Elon Musk Talks About Tesla Model 3 Production Ramp

Elon Musk loves to talk. What he has to say in the press conferences after an earnings call often contains pearls of wisdom that can’t be had anywhere else. At yesterday’s press event, Elon held forth at length on the production ramp up for the Tesla Model 3. Pilot production began earlier this week with regular production scheduled to begin July 1.

Tesla Model 3

“There’s many a slip twixt the cup and the lip,” my old Irish grandmother was fond of saying and Elon seems to be aware that the start of a new venture seldom goes smoothly. The Model X was nearly two years late to full production because of teething issues, most of which centered around making the iconic falcon wing doors function correctly.

But the Model 3 has been designed from the beginning for efficient production. Musk is well aware that he can’t afford another debacle that might convince many of the nearly 380,000 reservation holders to take their business elsewhere. He had some interesting things to say about supply chains and the difficulty of building automobiles profitably.

The company declined to speculate how many cars a week it would be building by the end of the year, largely because such predictions are subject to many variables that cannot be fully anticipated in advance. “The rate of production is as fast as the slowest component in the vehicle. And when you have several thousand unique items, it can move as fast as the least likely and worst executing part of Tesla or our suppliers. That’s just the way it goes.” He then went on to say, “I feel pretty confident that we should get there by the end of this year, to 5,000 a week.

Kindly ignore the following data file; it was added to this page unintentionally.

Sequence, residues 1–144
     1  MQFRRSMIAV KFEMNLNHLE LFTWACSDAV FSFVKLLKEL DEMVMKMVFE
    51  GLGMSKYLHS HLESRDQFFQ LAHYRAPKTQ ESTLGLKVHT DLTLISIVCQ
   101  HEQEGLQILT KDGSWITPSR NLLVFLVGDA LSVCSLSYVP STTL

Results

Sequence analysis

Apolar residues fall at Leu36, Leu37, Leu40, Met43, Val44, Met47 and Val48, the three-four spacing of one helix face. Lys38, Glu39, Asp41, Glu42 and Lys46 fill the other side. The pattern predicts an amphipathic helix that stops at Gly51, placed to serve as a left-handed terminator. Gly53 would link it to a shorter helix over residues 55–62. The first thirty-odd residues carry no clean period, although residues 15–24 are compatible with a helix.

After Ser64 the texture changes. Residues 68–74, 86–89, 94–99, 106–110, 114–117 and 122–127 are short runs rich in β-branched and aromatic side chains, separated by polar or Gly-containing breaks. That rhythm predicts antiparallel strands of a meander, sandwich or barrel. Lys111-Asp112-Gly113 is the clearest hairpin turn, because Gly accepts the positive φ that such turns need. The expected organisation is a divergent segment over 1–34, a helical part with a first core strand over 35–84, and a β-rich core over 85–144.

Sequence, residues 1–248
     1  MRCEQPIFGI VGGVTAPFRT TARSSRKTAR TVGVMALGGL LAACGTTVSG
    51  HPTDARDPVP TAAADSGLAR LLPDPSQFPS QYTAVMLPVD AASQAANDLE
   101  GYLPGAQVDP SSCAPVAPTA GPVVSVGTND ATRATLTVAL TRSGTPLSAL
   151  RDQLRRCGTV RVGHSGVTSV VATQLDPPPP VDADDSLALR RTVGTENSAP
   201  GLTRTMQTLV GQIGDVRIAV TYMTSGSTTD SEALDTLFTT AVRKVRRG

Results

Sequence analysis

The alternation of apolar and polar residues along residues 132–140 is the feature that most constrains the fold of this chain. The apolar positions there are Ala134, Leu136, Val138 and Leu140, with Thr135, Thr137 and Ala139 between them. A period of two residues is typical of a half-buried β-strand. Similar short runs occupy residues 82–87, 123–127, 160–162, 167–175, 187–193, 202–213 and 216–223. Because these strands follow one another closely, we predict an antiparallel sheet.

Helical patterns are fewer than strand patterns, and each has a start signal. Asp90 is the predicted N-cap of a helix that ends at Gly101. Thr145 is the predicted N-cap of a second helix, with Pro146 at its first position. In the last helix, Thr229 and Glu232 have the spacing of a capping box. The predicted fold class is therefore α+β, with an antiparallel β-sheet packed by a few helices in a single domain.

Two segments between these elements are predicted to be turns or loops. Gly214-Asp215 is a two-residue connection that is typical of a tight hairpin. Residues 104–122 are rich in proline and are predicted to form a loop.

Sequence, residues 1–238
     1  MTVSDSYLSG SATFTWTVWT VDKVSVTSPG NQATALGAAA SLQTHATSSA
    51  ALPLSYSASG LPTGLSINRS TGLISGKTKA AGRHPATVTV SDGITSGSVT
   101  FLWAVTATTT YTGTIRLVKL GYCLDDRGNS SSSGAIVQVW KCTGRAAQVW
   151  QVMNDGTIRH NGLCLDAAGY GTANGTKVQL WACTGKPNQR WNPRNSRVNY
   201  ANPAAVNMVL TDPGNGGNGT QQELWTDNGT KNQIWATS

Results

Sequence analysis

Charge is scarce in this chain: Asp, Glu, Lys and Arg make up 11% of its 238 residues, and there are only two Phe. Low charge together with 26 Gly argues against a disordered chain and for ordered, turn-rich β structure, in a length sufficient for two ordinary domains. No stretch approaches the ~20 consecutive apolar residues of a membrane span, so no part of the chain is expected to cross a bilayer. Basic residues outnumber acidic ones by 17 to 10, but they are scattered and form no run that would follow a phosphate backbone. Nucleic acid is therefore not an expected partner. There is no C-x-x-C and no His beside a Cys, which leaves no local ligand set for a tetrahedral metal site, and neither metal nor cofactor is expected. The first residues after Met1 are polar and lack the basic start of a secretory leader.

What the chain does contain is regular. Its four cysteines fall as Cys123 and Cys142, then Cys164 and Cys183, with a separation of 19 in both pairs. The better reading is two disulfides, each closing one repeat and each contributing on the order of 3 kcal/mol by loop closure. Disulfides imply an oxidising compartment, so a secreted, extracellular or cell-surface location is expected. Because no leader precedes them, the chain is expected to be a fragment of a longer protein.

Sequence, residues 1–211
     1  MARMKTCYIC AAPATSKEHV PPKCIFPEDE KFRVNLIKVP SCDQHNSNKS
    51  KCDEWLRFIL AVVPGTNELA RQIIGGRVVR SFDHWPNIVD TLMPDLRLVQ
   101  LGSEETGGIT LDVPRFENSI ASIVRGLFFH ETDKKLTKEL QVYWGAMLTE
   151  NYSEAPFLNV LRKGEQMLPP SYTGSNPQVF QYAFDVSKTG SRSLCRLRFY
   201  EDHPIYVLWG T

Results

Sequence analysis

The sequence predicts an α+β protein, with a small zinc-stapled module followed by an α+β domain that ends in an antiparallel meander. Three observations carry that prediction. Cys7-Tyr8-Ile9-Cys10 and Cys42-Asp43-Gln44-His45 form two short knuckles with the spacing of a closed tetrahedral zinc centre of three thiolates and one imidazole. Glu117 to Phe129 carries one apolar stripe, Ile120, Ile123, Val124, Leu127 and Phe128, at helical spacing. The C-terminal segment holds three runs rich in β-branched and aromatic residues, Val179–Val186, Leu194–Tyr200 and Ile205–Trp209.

Tesla’s goal is to be building 500,000 cars a year by the end of 2018, but getting there depends on close coordination with its suppliers. “So, when we place parts orders with our suppliers, we’ve told them 1,000 a week in July, 2,000 a week in August, and 4,000 a week in September. These are parts orders. Then the parts need to arrive. They need to be turned into a car. And the car needs to be delivered to customers.

“None of these things occur instantaneously. And we have what I call….the term paper problem. I was a teaching assistant in college and no matter what date we set the exam paper for, when the term paper was due, there’s always some number of people that are late. It’s just the way it goes. People sometimes – well, and I’m guilty of this too. Like too optimistic about the timing or they get unlucky or something like that.”

Last year, Musk had some advice for other companies who think they can just build a factory and start churning out cars. You get a sense from Musk’s comments that he may be had such an attitude at one time. But no more. Building cars well and making a profit is hard work. As he told his audience yesterday, if just one part is missing or late arriving, production either stops or the part has to be made in-house, which costs the company up to 30 times more than paying a supplier to do it.

So there you have it straight from the Tesla Zen Master himself. Start up will be rocky with issues that crop up at the last minute getting in the way of an orderly production ramp. But Musk fully expects to hit that 5,000 car a week target before the end of this year. Elon is someone who is accustomed to getting what he wants. It would take a brave investor to bet against him.

Transcript provided by Seeking Alpha.

Steve Hanley

Closely following the transition from internal combustion to electricity. Whether it's cars, trucks, ships, or airplanes, sustainability is the key. Please follow me on Google + and Twitter.